Pyongyang seeks ASEAN’s help to avert ‘nuclear holocaust’ as Trump warns of ‘major conflict’
North Korea is seeking support from the Association of Southeast Asian Nations to prevent a potential “nuclear holocaust,” as US President Donald Trump warns of the possibility of a “major conflict” in the Korean Peninsula if diplomacy fails.
Washington’s actions and rhetoric are pushing the region to the “brink of war,” North Korean Foreign Minister Ri Yong-ho wrote in a letter to ASEAN’s chief Le Luong Minh from Vietnam.
“As you know, due to the annual war games in South Korea conducted by the United States and South Korea, the situation in the Korean Peninsula is out of control,” the letter, seen by AFP and dated April 23 reads.
“It is a fact clear to everyone that when they deploy the means of nuclear strike that can drive the Korean Peninsula into a nuclear holocaust in just seconds... the nature of such exercises can in no way be defensive.”
Pyongyang penned the letter just ahead of the 30th Asean Summit taking place in Manila on April 26-28 in which it also justified its effort to develop its own nuclear arsenal as the only means of a deterrent against the United States.
North Korea’s chief diplomat urged the ASEAN chief to inform the 10-nation organization's foreign ministers “about the grave situation” and to develop a “proper proposal” on how to preserve peace on the Peninsula.
“I express my expectations that ASEAN which attaches great importance to the regional peace and stability will make an issue of the US-South Korean joint military exercises at ASEAN conferences from the fair position and play an active role in safeguarding the peace and safety of Korean Peninsula,” Ri Yong-ho wrote.
This is not the first time that Pyongyang has sent a letter to the 10-member regional body of which North Korea is not a member.
The official North Korean news agency, KCNA, reported that its foreign ministry sent a dispatch to the ASEAN Secretariat on April 4, in which they also addressed the issue of the war games being conducted by the US and South Korea.
The North Korean plea to ASEAN comes amid escalating tensions in the region.
Just this week, the South Korean and US militaries held a combined firing drill in Pocheon featuring dozens of tanks and fighter jets.
The military exercises came only a day after North Korea held its own firing maneuvers in Wonsan.
The US has meanwhile launched its Minuteman III ICBM to demonstrate its “nuclear capabilities.”
In addition, a US nuclear submarine armed with guided missiles made a port call in South Korea on Tuesday, while a carrier strike group led by the USS Carl Vinson approached the potential conflict theater.
On Friday, South Korea’s Ministry of National Defense announced that the US plans to continue deploying its "strategic" weapons to the country, Yonhap reports.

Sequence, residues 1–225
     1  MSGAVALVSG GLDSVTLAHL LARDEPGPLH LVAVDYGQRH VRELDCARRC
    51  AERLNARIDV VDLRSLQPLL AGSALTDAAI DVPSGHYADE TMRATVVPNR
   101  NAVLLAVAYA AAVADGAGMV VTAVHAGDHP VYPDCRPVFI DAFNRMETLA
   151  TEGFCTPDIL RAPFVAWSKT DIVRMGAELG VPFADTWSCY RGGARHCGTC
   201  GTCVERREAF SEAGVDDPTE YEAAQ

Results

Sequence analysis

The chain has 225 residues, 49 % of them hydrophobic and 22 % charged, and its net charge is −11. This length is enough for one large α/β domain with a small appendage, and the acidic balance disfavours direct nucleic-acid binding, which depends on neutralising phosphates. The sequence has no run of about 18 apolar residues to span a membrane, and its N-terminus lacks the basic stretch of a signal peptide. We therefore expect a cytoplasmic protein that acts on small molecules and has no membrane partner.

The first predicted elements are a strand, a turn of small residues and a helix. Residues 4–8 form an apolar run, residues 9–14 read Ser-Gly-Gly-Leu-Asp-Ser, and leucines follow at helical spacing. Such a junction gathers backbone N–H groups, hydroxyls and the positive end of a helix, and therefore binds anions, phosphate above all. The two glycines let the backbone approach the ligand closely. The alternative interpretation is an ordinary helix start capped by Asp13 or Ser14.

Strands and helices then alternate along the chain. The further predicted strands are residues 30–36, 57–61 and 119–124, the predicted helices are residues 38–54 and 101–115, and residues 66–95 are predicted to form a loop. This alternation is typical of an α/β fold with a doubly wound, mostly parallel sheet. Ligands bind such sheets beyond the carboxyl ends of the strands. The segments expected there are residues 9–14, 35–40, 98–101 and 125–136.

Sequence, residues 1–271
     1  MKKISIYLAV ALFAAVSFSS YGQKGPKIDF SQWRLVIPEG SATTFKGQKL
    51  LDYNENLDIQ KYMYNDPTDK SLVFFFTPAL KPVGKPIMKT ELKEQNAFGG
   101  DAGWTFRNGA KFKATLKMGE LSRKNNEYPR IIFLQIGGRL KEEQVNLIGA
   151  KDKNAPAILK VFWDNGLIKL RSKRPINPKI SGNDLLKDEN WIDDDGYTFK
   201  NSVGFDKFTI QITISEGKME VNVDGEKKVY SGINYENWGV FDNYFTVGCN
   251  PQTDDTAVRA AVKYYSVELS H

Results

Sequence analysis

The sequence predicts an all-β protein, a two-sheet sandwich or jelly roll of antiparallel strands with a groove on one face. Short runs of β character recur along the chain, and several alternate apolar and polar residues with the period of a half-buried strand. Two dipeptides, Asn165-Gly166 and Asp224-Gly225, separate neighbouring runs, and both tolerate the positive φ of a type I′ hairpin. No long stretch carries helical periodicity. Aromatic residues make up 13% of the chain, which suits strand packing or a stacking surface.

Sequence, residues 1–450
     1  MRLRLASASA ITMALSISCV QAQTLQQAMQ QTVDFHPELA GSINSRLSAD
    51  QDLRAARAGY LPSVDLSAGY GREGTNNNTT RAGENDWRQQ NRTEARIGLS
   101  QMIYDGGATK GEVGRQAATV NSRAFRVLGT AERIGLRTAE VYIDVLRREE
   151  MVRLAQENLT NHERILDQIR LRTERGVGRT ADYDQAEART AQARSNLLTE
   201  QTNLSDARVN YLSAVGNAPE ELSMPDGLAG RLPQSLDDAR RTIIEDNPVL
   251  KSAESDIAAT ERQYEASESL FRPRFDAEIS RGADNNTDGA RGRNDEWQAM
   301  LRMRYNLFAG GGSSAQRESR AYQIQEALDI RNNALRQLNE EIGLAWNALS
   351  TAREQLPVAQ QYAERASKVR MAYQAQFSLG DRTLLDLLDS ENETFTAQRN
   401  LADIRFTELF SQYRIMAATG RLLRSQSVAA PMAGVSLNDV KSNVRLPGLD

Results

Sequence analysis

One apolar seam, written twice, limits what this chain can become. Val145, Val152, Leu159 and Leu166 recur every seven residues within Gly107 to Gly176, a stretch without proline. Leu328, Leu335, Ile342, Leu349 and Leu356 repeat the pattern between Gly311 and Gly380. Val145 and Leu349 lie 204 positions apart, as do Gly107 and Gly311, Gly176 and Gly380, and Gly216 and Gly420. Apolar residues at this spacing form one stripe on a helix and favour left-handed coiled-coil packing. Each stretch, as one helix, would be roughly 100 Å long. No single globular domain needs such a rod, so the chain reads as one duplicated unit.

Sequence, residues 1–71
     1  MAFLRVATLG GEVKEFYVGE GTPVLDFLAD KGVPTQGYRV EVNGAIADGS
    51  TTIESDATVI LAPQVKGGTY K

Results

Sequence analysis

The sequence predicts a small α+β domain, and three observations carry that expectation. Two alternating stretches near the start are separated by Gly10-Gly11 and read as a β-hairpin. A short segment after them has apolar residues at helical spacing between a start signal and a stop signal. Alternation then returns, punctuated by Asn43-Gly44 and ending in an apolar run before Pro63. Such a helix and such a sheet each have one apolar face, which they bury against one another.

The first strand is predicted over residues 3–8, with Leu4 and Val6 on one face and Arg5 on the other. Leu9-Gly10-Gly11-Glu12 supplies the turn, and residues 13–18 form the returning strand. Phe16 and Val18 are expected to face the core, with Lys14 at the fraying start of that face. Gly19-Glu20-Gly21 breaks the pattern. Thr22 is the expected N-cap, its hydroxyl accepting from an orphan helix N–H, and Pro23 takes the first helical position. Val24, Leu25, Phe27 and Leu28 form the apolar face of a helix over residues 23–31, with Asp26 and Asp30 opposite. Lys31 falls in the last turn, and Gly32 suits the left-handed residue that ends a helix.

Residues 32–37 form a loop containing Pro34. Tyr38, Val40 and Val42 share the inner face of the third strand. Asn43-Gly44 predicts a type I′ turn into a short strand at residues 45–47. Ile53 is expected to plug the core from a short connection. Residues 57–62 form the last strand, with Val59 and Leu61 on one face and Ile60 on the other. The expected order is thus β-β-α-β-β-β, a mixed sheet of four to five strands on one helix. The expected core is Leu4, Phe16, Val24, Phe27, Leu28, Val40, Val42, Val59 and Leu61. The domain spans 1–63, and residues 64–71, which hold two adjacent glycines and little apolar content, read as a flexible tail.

The two sides agreed to push for "measures available in all aspects including the regular deployment of US strategic assets," the ministry said commenting on the two-day Korea-US Integrated Defense Dialogue (KIDD) meeting held in Washington DC.
While the US continues to pursue ‘peace’ through boosting its military force in the region, China and Russia are urging for a diplomatic solution.
Beijing is trying to pressure North Korea not to conduct a sixth nuclear test which many believe could spark retaliatory action from Washington, similar to the one seen in Syria, when Trump ordered a strike on a Syrian air base in retaliation to an alleged sarin gas attack in Idlib.
On Thursday, US Secretary of State Rex Tillerson said China agreed to impose unilateral sanctions should Pyongyang carry out another nuclear test.
“And in fact we were told by the Chinese that they informed the regime that if they did conduct further nuclear tests, China would be taking sanctions actions on their own,” Tillerson told Fox News without elaborating.
In February, China banned coal imports from its neighbor and raised the possibility of restricting oil shipments to the North.
“We’re going to be discussing what next steps may be necessary to increase the pressure on the regime,” Tillerson added.
“We do not seek regime change in North Korea.
What we are seeking is the same thing China has said they seek – a full denuclearization of the Korean peninsula.”
Donald Trump meanwhile told Reuters that there is “chance” of a major conflict in the region.
“There is a chance that we could end up having a major, major conflict with North Korea.
Absolutely,” Trump told Reuters. “We'd love to solve things diplomatically but it's very difficult.”
Earlier in the day, Russian President Vladimir Putin and Japanese Prime Minister Shinzo Abe advocated a diplomatic solution to the Korean crisis.
“We call on all states involved in the region’s affairs to refrain from military rhetoric and seek peaceful, constructive dialogue,” Putin said after meeting Abe at the Kremlin.
A day earlier, Russian Foreign Ministry spokeswoman, Maria Zakharova, insisted that the six party talks should be revived.
“There is a mechanism, six-party talks, and the question is not for Russia.
The question should go to the United States (as to) why they have rejected this mechanism of improving the situation in the Korean Peninsula,” Zakharova told Yahoo news.
“We should use all the diplomatic efforts and all the possibilities of international law which we have on the table,” Zakharova added.
The six-party talks involving North and South Korea, China, the United States, Japan and Russia collapsed in 2008 following a rocket launch by North Korea.
The multilateral negotiations were aimed at achieving a complete denuclearization of the Korean Peninsula.